“Don’t think of organ donations as giving up part of yourself to keep a total stranger alive. It’s really a total stranger giving up almost all of themselves to keep part of you alive” (~Author Unknown). Organ donation is the process of surgically removing an organ or tissue from one person (the organ donor) and placing it into another person (the recipient).
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This is necessary when the recipient’s organ has failed or has been damaged by disease or injury (Cleveland Clinic). Organ donation has been a huge advantage in modern medicine. But the number of organs needed outweighs the number of actual donors. Every day in the United States 21 people die awaiting organ donations. And more than 120,048 men, women, and children await life-saving transplants. It’s like WOW, it should be an eye opener to all that we need to make a difference. People need help, and all deserve to have a chance at life. Who can donate? People of all ages should consider themselves as a potential donor. Donors can either be alive (only donating half/portion of an organ), or deceased (donating a whole organ). Most donors are deceased, but in certain cases live donors are acceptable.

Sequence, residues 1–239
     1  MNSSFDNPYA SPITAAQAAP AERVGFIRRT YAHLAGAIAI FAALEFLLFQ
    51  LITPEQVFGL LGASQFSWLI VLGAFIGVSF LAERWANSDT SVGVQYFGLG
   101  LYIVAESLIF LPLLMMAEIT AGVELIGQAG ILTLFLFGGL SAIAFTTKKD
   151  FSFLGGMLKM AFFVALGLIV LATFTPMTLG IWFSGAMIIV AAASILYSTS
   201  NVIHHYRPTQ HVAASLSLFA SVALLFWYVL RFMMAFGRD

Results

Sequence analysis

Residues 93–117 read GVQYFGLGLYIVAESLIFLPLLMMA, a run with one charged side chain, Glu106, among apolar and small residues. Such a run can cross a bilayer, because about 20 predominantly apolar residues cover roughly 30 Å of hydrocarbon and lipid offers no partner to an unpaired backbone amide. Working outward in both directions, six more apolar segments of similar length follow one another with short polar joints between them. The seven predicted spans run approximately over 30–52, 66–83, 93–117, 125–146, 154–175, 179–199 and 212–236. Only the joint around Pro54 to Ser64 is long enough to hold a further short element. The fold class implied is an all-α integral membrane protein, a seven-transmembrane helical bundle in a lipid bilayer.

Potential donors are evaluated based upon medical history and age. Whether a person is eligible or not, we should take that extra step and at least get evaluated to see if were healthy enough to donate. Taking that step shows initiative, and what if it’s your family member? People just think organ donation as no big deal, but over 120,000 awaiting donations is a huge deal. Who can donate is one thing, but knowing how is another. There are several steps that need to be taken to make people aware that you are willing to donate. First, join a donor registry (MVA always asks) when getting a license in the MVA they always ask “are you willing to donate your organs”. If Yes, a heart symbol will appear on your ID meaning that you are a potential organ donor. Just the testing needs to be done to qualify you as a gift of life to others.